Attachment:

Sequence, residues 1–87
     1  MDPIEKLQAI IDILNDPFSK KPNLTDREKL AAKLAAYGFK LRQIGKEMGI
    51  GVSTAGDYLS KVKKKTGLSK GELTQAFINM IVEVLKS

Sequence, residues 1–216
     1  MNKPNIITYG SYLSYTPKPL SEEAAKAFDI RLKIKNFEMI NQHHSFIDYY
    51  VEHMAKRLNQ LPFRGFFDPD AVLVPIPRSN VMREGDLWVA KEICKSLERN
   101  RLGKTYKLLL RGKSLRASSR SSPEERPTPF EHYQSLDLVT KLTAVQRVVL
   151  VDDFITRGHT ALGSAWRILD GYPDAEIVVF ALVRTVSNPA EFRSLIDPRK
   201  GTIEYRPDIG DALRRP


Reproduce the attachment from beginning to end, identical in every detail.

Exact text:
Sequence, residues 1–87
     1  MDPIEKLQAI IDILNDPFSK KPNLTDREKL AAKLAAYGFK LRQIGKEMGI
    51  GVSTAGDYLS KVKKKTGLSK GELTQAFINM IVEVLKS

Sequence, residues 1–216
     1  MNKPNIITYG SYLSYTPKPL SEEAAKAFDI RLKIKNFEMI NQHHSFIDYY
    51  VEHMAKRLNQ LPFRGFFDPD AVLVPIPRSN VMREGDLWVA KEICKSLERN
   101  RLGKTYKLLL RGKSLRASSR SSPEERPTPF EHYQSLDLVT KLTAVQRVVL
   151  VDDFITRGHT ALGSAWRILD GYPDAEIVVF ALVRTVSNPA EFRSLIDPRK
   201  GTIEYRPDIG DALRRP